Television and Its Audience

Patrick Barwise

Andrew Ehrenberg

It must be a sign of the times: yet another academic revival on what audiences do with the plethora of television fare to which they are exposed. This trend tends to suggest that some things were left untouched in the many previous books which addressed the perennial quest for understanding what lies at the roots of the solid bind the persists between television and its viewers. The pervasiveness of the term "audience" in studies of television communication both past and present testifies to the complexity of establishing firm dogmas in a technological universe that is constantly evolving both in contents and in means of distribution. When put next to one another, Television and Its Audience and Desperately Seeking the Audience illustrate two rather antithetical perspectives on the television-viewer connection: the former offers a wide collection of traditional research findings on what, when, and how viewers watch, whereas the latter adamantly calls for the necessity to develop novel forms of knowledge about television audiences that would not be linked to the institutional point of view.

In all fairness to Barwise & Ehrenberg, whose book came out five years ago, one cannot help but question to what degree their background in marketing--both are professors at the London Business School--has coloured their conception of what television behaviour entails. Their ease in reverting to numeric terms to explain many television phenomena is such that the reader is given a considerable amount of factual information that is helpful in grasping the magnitude of how, and to what extent, television infiltrates one's free time.

The book introduces many instances of television jargon, such as "drip effect" which refers to the potential of long-term effects, the "60/40 rule" whereby people are said to be giving their full attention to a TV program 60% of the time and only partial commitment 40% of the time, and the "double jeopardy effect" where low-audience programs would also be among the least liked. Such expressions have the merit of bringing the reader closer to the language of those who make television and are certainly useful in illustrating some basic concepts that shape that specific cultural industry.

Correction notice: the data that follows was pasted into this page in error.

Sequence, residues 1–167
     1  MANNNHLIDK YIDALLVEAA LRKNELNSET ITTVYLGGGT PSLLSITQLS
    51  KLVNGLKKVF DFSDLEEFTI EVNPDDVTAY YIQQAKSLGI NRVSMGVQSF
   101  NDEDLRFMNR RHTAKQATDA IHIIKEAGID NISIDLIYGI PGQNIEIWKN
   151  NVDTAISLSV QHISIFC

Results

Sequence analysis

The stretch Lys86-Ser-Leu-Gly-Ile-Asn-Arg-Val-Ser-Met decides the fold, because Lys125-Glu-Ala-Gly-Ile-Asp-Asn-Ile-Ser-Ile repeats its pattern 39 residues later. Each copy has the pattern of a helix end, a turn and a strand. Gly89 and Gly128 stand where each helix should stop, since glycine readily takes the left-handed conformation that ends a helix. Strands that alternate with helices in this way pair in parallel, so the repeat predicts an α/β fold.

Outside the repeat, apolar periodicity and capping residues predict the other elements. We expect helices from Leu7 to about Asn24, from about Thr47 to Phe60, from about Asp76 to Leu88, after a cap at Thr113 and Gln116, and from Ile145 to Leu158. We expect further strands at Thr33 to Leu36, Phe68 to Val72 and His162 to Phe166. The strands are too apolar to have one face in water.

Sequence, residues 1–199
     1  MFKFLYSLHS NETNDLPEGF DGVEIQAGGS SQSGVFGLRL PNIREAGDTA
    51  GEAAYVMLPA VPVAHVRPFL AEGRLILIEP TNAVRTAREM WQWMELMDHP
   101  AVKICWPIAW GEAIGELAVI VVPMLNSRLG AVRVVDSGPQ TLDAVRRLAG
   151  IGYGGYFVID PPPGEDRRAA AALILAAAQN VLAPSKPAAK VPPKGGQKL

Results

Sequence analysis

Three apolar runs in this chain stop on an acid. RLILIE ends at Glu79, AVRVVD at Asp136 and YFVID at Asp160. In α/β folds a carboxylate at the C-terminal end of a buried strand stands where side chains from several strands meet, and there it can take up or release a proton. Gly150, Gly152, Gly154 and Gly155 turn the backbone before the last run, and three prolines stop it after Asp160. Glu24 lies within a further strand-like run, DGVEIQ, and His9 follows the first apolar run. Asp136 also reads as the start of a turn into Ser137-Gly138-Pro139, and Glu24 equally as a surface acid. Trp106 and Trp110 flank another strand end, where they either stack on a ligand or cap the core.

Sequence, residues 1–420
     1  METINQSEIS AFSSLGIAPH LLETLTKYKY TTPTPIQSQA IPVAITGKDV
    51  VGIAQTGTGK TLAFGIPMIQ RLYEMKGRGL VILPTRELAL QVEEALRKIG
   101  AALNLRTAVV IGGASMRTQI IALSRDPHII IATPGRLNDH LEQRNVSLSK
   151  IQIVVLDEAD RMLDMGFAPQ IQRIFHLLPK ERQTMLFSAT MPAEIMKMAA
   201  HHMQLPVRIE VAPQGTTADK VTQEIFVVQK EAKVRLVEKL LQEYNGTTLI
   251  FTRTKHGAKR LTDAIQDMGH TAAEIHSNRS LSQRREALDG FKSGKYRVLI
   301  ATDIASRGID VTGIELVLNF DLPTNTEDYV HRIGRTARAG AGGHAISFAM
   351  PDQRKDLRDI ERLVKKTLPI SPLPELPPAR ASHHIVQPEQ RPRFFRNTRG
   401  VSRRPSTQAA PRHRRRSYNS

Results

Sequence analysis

The authors must be commended for taking clear, unequivocal, albeit debatable positions on issues that are perceived to be highly problematic within the communication community. Such is the case, for example, on the question of whether or not television elicits any form of activity at all within the viewer. Barwise & Ehrenberg contend that the act of television viewing is a predominantly passive behaviour. The only exception is related to the selection of a program which would necessitate a minimal degree of activity. On the question of the overall effect of television the authors, somehow surprisingly, are of the opinion that "when we take account of how many programs, newscasts and commercials people actually watch, viewing any one of them can hardly ever be a very significant event" (p. 8). Taken a step further, such a posture runs the risk of being interpreted as opposing any form of censorship since any single depiction of controversial material is bound to be neutralized by the sum of the "acceptable" contents. There is many an advocacy group that would have a field day with the suggestion that the cumulative effect of television is nothing more than a direct result of those same seemingly innocuous fragments of television being ingested by vulnerable members of the audience.